‘I was in fear of losing my life’ Friends star Matthew Perry’s turbulent health history

Matt LeBlanc and Matthew Perry speak to Ross Mathews in 2002

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“So much has been written about me in the past. I thought it was time people heard from me,” Perry wrote as he teased his new memoir via Instagram. Titled Friends, Lovers and the Big Terrible Thing, the star went on to say that the book addresses the highs and lows of his career, even the times when it looked like he wouldn’t live to see the next day. This comes soon after the Friends reunion special, when fans commented on the “heartbreaking” appearance and slurred speech of Perry, which was later attributed to emergency dental work.

Addiction

Perry has battled with addiction since he was in his 20s, not long after he joined the cast of Friends, playing Chandler Bing in 1994.

Just three years into the hugely popular sitcom, the star found himself depending on Vicodin (hydrocodone/acetaminophen) after he was first prescribed painkillers after a jet ski incident. “It wasn’t my intention to have a problem with it,” he shared back in 2002. “But from the start I liked how it made me feel, and I wanted to get more.”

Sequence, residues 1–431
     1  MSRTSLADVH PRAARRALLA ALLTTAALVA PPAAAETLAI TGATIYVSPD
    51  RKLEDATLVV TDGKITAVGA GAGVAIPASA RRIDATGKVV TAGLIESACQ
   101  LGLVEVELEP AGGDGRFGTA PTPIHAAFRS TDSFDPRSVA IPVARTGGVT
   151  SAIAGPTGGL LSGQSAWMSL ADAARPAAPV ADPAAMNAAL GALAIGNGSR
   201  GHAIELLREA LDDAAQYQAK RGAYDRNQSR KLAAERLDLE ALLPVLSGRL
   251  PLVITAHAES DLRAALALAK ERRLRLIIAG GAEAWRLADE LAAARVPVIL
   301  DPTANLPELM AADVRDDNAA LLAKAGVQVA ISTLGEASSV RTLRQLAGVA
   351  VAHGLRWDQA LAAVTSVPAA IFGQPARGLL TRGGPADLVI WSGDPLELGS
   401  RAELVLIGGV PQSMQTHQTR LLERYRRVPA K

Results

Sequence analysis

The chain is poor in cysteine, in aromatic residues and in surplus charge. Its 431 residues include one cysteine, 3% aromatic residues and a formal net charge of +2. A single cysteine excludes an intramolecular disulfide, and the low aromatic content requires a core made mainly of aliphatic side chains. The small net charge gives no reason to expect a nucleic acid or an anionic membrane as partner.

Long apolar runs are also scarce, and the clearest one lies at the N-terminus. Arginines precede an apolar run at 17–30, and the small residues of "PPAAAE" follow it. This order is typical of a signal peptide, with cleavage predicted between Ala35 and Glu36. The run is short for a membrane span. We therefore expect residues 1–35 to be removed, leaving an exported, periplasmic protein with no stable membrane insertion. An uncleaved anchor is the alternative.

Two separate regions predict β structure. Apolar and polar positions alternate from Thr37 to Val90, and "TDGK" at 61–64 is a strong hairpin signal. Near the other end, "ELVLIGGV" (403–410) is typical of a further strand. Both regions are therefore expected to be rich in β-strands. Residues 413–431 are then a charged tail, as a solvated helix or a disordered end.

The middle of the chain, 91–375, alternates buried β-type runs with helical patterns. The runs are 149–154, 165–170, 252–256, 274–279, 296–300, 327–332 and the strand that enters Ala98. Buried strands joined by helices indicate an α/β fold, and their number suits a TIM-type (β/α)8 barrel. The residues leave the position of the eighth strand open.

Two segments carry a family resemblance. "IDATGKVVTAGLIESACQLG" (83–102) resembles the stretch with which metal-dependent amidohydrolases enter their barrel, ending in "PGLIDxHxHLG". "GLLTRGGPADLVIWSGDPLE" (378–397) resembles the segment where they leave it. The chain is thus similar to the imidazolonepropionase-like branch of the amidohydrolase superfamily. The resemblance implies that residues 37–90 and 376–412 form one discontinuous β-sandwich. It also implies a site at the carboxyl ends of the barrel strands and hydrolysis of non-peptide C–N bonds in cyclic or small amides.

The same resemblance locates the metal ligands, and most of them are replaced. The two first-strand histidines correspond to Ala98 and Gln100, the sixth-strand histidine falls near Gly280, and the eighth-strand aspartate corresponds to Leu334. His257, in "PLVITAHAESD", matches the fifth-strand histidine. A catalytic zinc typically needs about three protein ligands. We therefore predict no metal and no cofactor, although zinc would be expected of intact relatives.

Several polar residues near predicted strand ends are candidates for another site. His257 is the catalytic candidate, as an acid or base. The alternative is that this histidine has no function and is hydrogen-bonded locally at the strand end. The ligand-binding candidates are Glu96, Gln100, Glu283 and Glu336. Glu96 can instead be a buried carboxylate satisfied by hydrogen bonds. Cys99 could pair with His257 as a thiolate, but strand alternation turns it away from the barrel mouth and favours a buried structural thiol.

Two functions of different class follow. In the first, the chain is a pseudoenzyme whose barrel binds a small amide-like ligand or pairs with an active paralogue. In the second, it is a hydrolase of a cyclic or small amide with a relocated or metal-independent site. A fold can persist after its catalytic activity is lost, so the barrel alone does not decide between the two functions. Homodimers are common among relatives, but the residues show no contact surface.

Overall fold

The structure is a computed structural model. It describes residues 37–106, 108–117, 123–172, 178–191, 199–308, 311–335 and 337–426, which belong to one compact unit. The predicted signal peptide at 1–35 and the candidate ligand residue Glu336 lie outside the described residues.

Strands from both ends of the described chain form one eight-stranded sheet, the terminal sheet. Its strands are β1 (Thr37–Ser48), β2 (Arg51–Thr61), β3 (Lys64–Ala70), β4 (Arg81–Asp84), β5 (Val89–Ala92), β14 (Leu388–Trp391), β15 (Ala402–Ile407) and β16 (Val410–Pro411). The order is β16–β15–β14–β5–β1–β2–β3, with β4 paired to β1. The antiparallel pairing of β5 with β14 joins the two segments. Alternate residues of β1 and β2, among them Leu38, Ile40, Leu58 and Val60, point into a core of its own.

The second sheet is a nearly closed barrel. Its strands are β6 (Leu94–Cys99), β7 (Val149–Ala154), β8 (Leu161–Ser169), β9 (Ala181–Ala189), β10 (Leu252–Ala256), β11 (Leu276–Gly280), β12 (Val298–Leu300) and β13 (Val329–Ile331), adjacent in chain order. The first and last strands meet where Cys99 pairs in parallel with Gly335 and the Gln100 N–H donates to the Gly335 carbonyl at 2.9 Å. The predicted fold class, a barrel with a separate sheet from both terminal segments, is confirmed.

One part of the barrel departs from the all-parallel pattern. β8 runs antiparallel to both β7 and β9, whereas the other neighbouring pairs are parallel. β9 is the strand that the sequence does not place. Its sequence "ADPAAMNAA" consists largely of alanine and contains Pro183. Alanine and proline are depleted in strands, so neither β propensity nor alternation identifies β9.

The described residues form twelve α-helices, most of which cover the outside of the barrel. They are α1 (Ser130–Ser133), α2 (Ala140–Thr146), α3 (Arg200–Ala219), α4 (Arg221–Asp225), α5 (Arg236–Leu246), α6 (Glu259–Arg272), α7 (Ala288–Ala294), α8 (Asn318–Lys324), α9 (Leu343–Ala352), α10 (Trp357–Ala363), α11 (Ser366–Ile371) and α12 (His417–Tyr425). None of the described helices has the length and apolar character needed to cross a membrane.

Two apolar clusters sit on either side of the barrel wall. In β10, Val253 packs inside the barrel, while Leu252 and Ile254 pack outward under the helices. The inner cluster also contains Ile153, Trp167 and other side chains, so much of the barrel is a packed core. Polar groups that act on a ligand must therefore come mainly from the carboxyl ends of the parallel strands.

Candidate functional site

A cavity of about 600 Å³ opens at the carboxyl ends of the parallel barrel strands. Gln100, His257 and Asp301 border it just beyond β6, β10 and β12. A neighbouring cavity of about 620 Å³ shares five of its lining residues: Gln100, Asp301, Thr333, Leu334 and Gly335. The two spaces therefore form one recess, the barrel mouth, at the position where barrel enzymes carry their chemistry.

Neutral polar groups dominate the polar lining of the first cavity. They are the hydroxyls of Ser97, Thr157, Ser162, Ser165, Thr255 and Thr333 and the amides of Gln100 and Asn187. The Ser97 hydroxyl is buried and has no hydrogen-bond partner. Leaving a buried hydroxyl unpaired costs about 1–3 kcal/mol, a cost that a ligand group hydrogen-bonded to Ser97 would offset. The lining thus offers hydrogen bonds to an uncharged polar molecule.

In 1997, Perry then checked himself into rehab, something he described as “a really hard thing to do”. He added: “You can’t have a drug problem for 30 years and then expect to have it solved in 28 days.”
This struggle to overcome addiction reigned true, as after coming out of rehab, Perry was only about to “stay sober for a brief period.”

During this stage, fans of the hit show also started to notice changes in Perry’s appearance, when he suddenly lost 20 pounds (over nine kilograms). “I was out of control and very unhealthy,” before jokingly adding, “I returned to my original birth weight.”

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Pancreatitis

In addition to his drug addiction, Perry was hospitalised for alcohol-induced pancreatitis back in 2000, evidence that he was also suffering from alcohol abuse.

”I had this odd rule that I would never drink on a set,” the actor said. “But I went to work in extreme cases of hangover. It’s so horrible to feel that way and have to work and be funny on top of that.”

This dependence on alcohol is reported to have developed alongside his drug dependence and in the turn of the millennium he was drinking a litre of vodka a day in between filming for both Friends and Serving Sara.

“I was sleepy and shaking at work,” Perry added, with Friends producer Marta Kauffman telling press at the time that “it was terrifying, watching someone you care about in so much pain.”

DrinkAware explains that acute pancreatitis is thought to be caused by drinking alcohol through the alcohol molecules interfering with the cells of the pancreas, stopping them working properly. Although more research is needed to establish a link more clearly, it is known that the more alcohol you drink, either regularly or during a binge session, the greater your risk of developing acute pancreatitis, often recurrently.